Ridding Medicine of Blame (and our lives of clutter)

by Mary Beth Huwe

For a recording of me reading this post to you, click here.

One of the reasons I’m an acupuncturist is because I’m interested in what ails us as a people. Bodies are excellent at showing us what’s not working for us on cultural and social levels. They are clear reflections of things in our lives we’d otherwise ignore.

Though I don’t love the term mind-body connection, I haven’t come up with something I like better… so I’m going to use it in this case. Some people are dismissive of the mind-body connection, using it as a way to minimize or invalidate symptoms and conditions as psychosomatic or stress-related.

Well, I get migraines – but that’s just from stress.

My high blood pressure goes down when school’s not in session, so I know it’s just because of that.

It’s worry that gives me insomnia; it’s always worse when my kids are at their dad’s house for the weekend. He’s so unreliable.

Many people are quite ready to connect illnesses like headaches, sleep conditions, and mood disorders with environmental causes – and somehow in the process write them off as all in the mind, psychosomatic, or otherwise not real. That’s symptomatic of incomplete thinking.

Tell me one last thing, said Harry. Is this real? Or has this been happening inside my head?

Dumbledore beamed at him…

Of course it is happening inside your head, Harry, but why on earth should that mean that it is not real?


When “Mind-Body” Becomes Blame
A frequent consequence of the “psychosomatic” dismissal in medicine is blame – by the patient, by his/her family, and even by the medical practitioner (regardless of his or her chosen modality of medicine.)

It looks something like this:

Susan wouldn’t get migraines if she weren’t so sensitive.

I just need to quit caring so much; then my blood pressure will go down.

Carole, stop being such a worrywart and take a sleeping pill.

Do we do that with other diseases – ones that have visible “causes?”

(1) Do we say things like:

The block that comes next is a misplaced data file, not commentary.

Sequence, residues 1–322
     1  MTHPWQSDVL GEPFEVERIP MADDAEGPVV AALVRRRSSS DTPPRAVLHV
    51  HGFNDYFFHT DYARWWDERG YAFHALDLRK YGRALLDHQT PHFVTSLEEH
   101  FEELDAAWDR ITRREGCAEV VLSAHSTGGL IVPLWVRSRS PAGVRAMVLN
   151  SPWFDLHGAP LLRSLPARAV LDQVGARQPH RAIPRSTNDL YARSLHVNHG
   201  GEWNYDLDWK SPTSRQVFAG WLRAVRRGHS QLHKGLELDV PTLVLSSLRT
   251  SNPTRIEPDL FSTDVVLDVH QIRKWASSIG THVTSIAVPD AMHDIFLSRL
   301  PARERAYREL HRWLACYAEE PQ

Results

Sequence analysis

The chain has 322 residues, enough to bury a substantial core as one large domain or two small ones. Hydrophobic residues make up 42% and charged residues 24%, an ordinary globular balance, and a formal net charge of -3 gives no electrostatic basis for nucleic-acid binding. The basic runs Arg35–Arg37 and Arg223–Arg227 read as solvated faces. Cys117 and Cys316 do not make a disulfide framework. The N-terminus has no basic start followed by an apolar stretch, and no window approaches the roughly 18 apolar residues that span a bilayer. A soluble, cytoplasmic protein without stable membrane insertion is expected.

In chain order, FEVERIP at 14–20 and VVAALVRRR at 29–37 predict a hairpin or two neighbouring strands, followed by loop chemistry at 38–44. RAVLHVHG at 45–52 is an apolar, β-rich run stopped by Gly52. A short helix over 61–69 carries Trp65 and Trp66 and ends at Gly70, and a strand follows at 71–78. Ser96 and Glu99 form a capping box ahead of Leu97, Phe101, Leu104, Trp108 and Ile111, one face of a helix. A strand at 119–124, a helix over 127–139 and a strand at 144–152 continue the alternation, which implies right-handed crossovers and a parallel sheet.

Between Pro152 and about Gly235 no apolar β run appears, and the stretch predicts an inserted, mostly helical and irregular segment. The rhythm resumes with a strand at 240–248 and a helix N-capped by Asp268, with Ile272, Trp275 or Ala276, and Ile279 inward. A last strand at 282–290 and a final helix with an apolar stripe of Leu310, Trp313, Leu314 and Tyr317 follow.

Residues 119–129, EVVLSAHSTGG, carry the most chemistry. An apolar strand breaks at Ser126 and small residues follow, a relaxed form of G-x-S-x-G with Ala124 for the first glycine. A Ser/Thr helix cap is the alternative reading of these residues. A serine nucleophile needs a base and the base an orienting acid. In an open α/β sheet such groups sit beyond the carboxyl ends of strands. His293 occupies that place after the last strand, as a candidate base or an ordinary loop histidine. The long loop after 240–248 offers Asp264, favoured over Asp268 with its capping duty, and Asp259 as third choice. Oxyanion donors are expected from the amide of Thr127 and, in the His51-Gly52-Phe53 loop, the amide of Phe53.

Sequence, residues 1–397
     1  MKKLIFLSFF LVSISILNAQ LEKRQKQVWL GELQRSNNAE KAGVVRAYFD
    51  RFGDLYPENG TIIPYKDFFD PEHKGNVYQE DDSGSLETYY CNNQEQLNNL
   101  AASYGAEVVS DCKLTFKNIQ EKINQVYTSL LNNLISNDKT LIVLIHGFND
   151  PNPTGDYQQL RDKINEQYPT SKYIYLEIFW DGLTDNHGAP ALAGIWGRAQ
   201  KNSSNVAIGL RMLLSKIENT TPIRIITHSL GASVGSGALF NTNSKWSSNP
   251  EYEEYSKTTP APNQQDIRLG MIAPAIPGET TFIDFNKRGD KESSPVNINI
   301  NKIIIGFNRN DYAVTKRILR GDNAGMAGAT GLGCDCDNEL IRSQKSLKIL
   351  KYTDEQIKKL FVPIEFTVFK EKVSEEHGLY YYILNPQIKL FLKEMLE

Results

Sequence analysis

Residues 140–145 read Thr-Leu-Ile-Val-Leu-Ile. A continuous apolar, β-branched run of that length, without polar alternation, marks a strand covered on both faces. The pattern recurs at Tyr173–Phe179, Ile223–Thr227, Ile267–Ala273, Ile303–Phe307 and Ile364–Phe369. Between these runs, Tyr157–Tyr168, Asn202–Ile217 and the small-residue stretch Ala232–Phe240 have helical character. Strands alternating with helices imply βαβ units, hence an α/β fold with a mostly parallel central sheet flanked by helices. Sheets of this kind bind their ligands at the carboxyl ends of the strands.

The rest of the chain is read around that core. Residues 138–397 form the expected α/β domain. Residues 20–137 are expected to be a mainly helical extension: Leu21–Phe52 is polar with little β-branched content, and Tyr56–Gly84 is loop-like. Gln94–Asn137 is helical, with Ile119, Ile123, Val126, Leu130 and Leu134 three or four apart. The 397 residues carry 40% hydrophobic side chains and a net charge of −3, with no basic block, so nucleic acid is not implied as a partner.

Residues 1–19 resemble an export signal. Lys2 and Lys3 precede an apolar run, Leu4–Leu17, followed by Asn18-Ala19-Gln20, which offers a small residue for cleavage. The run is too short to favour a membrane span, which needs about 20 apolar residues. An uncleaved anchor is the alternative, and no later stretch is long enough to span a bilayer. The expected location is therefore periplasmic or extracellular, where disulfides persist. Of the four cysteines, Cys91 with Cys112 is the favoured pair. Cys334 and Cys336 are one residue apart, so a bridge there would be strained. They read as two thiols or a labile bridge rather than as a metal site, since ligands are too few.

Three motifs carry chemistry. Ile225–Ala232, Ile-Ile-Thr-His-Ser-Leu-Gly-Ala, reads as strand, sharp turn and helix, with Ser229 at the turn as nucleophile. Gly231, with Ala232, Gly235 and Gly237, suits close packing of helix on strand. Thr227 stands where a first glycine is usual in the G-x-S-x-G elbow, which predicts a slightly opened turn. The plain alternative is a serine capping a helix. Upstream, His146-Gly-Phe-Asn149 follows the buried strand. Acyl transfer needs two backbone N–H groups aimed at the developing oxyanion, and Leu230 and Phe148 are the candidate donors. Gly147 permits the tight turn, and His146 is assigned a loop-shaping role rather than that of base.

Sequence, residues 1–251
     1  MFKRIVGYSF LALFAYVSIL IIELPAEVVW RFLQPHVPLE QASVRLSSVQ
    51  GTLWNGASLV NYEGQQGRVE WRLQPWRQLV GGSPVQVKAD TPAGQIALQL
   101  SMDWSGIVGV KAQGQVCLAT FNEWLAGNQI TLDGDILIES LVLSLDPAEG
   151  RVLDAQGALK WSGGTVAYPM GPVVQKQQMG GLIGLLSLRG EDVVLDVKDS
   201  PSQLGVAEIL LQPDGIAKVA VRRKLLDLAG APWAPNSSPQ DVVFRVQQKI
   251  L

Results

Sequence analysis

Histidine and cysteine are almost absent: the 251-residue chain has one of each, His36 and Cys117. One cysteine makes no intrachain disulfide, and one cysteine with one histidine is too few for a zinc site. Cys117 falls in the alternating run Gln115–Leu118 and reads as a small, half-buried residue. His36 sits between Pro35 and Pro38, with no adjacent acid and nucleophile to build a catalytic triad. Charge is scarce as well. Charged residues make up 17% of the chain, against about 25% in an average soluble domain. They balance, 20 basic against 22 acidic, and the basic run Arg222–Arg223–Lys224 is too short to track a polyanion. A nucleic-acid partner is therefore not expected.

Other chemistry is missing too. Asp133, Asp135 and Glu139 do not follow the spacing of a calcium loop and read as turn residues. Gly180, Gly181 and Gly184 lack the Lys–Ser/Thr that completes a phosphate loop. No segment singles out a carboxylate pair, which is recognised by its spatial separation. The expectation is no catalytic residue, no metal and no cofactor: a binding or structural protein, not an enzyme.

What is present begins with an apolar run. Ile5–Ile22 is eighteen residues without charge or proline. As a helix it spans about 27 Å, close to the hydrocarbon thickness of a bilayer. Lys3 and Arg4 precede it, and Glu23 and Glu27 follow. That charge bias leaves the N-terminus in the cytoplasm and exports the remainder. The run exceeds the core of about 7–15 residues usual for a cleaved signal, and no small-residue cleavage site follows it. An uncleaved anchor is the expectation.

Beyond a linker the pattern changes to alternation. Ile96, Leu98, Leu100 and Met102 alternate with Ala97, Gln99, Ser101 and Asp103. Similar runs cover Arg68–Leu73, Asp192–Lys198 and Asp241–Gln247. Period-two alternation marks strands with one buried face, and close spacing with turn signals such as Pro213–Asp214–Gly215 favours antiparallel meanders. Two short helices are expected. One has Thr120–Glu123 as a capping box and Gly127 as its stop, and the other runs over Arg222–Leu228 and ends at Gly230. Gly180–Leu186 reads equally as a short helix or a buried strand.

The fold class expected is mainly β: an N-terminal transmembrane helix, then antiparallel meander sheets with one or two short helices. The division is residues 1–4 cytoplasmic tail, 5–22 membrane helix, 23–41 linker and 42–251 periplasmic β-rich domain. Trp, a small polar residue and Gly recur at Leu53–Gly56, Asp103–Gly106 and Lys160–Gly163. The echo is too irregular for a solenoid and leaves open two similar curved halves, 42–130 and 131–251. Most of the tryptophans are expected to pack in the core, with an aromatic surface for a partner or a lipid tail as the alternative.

Well, Phil’s heart attack was just from stress.

Maybe, but we’ll probably also throw in some comments about blocked arteries, diet, HDL, and impeded bloodflow.

(2) What about this:

Matt’s such a hypersensitive guy – that poison ivy spread because it’s all in his head.

Probably not… but if Matt had hives, it might be a different story.

(3) Or this one:

Cancer? Again? Really? Why doesn’t Daphne get a grip?

It may be easier to see in cases like heart attacks, communicable diseases, and cancer – but it’s true across the board: there’s no place for blame in a healthy medicine.

I take this to what some might call a radical extreme: I do not blame the smoker for lung cancer or the alcoholic for cirrhosis. The drive to engage in such destructive habits is part of the illness. And/or maybe the guy with heart disease who won’t lay off the onion rings and KFC chooses it, knowing the risk. I think that’s his right.

Regardless, blame does nothing to relieve the burden of acute illness or the suffering.

Our entire experience as people is a psychosomatic one.

Every disease is reflective of and related to our lives.

And not one disease is blameworthy.


We Are in Relationship with Our Environments
In terms of health (and most other things,) it really makes zero sense to attempt to extract an individual from his/her environment in order to understand “the problem.” It may not make all people comfortable, but there is no question that we are all in relationship with our environments. The question is, is that relationship healthy or detrimental?

Illness is always a stress response that causes harm. The “healthiest” humans on the planet are those who can train their stress responses to become helpful to the whole system, and who can ultimately override the stressful conditions themselves.

Here’s a fun little report from Harvard in 2002 about Tibetan monks raising their body temperatures through meditation.